I get this feeling that this should instead be titled “Crepes avec Chutney de Pommes”. After all, something this delicate and fancy could only be found in a French bistro.
This crepe is basically what most of us expect of a crepe. I’ve gone out specifically to get crepes at an actual creperie many a time, both here in town and when I spent a summer in Greece, but no matter where I am, or what crepe I order, I initially think “Paris” and “sweet.”
Is that what pops into your mind, too? Well, it wasn’t something I ate as a kid and I’ve never been to Paris… so why don’t we just blame it on the movies?
Regardless. As much as I love messing with tradition and being faintly irreverent to conventional cooking, I had to acknowledge something as pure and delightful as the sweet, fruity, crepe.
One of the best things about this chutney, too, is its undeniable pronouncement of fall flavor. The weather has begun to change just enough that I’m finally ready for things cooked with apples, cranberries, and cinnamon. Thank goodness – I found this recipe just in time before the serious cravings hit!
Speaking of cravings - as you may already know, I recently began a short culinary program at a local community college – something I’d been longing to do for the last few years. You know, get a smidge of formal training under my belt and all that. This recipe is slightly adapted from one I found in the “Professional Garde Manger” textbook/cookbook, by Lou Sackett and Jaclyn Pestka. We made it in my cooking class, and it was absolutely delicious, if not a tad too sweet for me.
I made just a few tiny modifications, but otherwise, this is it. We’re gonna throw in some festive cranberries, tart harvest apples, spices, a little white wine, reduce the sugar by 2 oz., give it time to simmer itself saucy… and voila – the sublimely sweet filling makes for a crêpe très magnifique!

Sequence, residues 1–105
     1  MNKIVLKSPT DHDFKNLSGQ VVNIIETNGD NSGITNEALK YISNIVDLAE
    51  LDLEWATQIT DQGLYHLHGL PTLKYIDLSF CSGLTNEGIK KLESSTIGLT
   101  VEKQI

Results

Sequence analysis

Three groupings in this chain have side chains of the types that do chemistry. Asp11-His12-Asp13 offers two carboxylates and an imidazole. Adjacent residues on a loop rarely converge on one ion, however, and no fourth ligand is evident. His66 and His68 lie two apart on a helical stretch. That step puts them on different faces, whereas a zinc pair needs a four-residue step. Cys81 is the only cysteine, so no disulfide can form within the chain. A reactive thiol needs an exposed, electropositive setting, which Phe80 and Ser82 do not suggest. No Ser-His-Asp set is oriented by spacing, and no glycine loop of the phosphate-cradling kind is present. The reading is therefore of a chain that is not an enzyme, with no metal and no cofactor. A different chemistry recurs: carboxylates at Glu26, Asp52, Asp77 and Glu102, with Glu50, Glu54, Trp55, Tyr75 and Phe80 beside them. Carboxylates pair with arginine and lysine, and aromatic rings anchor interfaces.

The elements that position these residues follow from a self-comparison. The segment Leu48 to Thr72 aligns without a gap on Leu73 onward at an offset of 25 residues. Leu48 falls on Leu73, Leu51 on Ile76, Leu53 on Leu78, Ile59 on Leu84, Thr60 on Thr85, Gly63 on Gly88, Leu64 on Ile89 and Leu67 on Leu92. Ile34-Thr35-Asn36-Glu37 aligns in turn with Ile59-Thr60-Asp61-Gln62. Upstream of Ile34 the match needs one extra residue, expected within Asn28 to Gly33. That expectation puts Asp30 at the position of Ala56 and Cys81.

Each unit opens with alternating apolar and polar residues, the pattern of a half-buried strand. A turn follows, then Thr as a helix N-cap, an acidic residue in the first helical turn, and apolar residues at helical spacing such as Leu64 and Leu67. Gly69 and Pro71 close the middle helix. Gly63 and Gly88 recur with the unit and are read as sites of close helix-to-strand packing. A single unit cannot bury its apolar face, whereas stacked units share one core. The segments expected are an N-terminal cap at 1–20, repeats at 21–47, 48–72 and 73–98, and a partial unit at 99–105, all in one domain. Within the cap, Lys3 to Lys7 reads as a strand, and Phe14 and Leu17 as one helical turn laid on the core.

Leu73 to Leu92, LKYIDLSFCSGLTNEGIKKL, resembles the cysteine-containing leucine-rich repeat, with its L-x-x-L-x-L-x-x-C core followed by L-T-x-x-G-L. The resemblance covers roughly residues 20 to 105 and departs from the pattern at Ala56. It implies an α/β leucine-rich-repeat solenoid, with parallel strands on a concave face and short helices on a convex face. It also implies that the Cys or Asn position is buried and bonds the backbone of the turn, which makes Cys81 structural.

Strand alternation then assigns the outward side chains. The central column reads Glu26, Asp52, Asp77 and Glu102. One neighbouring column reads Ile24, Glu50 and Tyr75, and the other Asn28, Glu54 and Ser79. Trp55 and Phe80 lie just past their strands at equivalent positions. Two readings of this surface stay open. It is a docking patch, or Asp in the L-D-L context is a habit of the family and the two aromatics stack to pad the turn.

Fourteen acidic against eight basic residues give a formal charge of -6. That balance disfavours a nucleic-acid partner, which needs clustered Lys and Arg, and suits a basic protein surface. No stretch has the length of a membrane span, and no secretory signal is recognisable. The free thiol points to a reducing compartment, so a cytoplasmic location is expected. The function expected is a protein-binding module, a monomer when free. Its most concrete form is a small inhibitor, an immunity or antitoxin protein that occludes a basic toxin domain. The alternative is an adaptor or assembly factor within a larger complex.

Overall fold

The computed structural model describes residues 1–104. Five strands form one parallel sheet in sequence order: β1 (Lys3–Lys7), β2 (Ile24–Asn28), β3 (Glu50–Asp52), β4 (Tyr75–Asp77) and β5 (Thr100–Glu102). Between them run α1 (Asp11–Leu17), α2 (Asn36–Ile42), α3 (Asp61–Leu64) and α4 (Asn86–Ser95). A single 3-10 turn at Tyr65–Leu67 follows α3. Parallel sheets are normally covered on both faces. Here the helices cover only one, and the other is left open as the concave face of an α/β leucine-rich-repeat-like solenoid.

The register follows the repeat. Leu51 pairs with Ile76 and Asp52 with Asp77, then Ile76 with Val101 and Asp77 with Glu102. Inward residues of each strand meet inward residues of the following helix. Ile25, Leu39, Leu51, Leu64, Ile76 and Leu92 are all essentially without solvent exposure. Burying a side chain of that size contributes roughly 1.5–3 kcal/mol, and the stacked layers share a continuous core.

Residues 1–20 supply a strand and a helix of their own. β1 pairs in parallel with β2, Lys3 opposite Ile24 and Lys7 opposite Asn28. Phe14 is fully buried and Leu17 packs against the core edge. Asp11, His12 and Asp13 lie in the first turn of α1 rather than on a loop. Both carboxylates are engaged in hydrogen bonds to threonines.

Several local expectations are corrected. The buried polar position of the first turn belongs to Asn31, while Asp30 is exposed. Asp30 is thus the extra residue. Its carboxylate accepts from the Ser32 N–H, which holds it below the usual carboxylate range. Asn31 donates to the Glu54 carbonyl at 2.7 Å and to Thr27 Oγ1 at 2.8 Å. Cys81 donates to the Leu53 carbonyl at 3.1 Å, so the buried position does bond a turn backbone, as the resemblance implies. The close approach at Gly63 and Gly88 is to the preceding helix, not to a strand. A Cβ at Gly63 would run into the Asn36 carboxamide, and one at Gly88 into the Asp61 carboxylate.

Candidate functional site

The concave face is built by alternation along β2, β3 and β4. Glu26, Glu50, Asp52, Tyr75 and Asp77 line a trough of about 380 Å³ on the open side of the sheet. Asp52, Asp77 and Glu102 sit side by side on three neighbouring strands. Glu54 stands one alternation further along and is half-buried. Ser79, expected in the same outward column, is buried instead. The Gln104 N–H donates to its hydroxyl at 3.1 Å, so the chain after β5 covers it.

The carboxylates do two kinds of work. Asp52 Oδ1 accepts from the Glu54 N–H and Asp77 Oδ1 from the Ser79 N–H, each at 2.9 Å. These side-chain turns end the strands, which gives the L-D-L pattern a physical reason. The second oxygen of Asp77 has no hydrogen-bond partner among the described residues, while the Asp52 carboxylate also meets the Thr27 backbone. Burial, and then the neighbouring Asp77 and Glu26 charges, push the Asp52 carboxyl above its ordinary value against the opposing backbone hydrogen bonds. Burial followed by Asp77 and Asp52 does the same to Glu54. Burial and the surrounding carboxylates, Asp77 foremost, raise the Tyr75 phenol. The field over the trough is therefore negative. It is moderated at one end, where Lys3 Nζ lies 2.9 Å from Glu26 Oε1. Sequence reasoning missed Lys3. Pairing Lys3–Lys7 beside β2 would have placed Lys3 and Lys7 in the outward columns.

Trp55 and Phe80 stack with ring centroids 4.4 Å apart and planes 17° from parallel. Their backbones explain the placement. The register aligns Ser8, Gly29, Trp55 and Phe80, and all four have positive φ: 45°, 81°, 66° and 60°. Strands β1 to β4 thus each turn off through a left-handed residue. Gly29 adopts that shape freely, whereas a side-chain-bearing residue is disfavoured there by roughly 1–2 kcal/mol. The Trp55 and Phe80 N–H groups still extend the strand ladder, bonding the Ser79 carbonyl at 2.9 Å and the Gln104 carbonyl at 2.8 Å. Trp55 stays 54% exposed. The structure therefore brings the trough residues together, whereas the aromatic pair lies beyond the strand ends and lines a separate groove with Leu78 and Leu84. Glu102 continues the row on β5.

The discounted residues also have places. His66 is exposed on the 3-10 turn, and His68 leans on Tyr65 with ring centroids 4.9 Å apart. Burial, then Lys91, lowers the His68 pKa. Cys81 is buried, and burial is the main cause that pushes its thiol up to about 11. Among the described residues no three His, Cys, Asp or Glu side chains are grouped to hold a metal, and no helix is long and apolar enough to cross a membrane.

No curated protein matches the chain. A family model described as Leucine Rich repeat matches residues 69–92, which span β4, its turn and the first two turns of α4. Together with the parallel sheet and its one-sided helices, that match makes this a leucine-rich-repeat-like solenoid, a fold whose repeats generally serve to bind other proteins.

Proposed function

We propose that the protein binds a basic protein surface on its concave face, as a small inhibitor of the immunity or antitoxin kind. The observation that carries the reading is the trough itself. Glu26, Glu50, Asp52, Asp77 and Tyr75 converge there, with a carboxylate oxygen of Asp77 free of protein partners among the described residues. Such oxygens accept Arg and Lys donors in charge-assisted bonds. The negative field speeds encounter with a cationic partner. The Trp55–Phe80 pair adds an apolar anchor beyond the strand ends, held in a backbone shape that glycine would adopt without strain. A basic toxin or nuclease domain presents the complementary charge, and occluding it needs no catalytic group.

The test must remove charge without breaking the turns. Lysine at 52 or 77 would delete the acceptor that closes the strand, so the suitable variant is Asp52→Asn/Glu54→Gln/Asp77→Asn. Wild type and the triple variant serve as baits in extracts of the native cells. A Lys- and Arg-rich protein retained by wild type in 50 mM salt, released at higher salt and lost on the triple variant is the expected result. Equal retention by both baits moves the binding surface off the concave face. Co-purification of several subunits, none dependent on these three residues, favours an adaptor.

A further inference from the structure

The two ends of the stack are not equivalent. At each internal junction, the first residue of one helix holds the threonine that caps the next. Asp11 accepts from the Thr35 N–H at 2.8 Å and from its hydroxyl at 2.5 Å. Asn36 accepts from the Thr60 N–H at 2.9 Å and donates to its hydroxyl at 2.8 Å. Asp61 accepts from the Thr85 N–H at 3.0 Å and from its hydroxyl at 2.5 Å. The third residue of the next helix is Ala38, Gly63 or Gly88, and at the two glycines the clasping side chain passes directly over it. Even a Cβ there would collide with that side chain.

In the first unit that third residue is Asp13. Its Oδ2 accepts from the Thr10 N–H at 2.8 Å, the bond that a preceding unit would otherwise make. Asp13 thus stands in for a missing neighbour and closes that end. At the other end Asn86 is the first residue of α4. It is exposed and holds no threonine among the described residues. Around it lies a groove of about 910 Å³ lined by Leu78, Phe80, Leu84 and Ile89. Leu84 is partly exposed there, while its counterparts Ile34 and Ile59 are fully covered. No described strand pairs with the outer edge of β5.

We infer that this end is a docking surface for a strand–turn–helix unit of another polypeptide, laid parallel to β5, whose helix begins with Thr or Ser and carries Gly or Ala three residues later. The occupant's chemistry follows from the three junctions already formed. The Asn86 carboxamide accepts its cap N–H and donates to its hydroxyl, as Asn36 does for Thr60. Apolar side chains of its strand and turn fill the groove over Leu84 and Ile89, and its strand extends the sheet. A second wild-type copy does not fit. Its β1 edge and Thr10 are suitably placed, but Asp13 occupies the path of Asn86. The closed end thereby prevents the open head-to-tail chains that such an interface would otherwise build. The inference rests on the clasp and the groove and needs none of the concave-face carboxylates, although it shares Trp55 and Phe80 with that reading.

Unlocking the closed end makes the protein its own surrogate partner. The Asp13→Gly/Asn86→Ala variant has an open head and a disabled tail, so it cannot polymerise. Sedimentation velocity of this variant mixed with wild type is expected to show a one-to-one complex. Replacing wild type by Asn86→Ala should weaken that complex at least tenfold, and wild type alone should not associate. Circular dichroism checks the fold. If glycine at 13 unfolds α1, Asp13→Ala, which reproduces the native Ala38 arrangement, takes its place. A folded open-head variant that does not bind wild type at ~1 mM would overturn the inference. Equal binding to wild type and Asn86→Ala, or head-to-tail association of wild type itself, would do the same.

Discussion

½ cinnamon stick
10 cardamom pods
1 tsp. coriander seeds
(Alternatively, I would totally consider trying a chai tea bag in place of spices. Let me know how it goes if you do try it instead!)
1 lb. peeled apples
1 T. minced fresh ginger
2 oz. (½ c.) dried cranberries
4 oz. sweet or lightly sweet white wine
4 oz. sugar
2 T. lemon juice
Water, as needed
Powdered sugar, for finishing
Wrap the cinnamon stick through coriander seeds in a layer of cheesecloth and tie off with a string – trim any excess string or cloth.
Dice the apples and set aside.
Bring the ginger, cherries, wine and sugar to a boil in a large saucepan. Add the spice packet, apples, and lemon juice. Add just enough water to cover the apples. Simmer about 15 minutes, or until the apples are tender and mixture is thick and saucy.
If there seems to be too much liquid when the apples are done, you can always take the apples out with a slotted spoon and boil the liquid down, before adding them back at the end.
Keep some chutney hot for the crepes. Cool any leftover chutney to room temperature and put into a clean jar to refrigerate. This will keep about 2 weeks in the fridge.
Makes 8-10 crepes
1 cup flour (all-purpose or half ww pastry and half all-purpose)
1 ½ c. almond milk or nonfat milk
2 eggs ¼
¼ tsp. salt
Place all crepe ingredients in a blender and blend just until no clumps remain.
Heat a small non-stick sauté pan on the stove over medium high heat and spray with a canola or vegetable oil cooking spray.
Immediately pick up the pan and tilt slightly to one side. Pour some of the batter on the pan while rotating the pan with your wrist to cover the entire bottom of the pan in an even coat.
Replace the pan on the stove and cook the crepe about one minute. The edges will start to curl up and the top will look opaque. Flip the crepe – if you can do this by simply flicking your wrist, I am impressed and jealous – or you can break out a large spatula and flip it my way – er… that way.
Cook about 30 seconds longer, or until done, and slide onto a plate. Repeat, placing a sheet of wax paper in between each crepe to keep them from sticking.
Spoon about 3-4 T. of the chutney into each of the crepes and fold in half or roll up. Sprinkle each crepe with powdered sugar (I like to sift it through a mesh strainer directly onto the crepes) and serve with tea and coffee and a doily. Perhaps tell someone “bonjour!” It just feels right.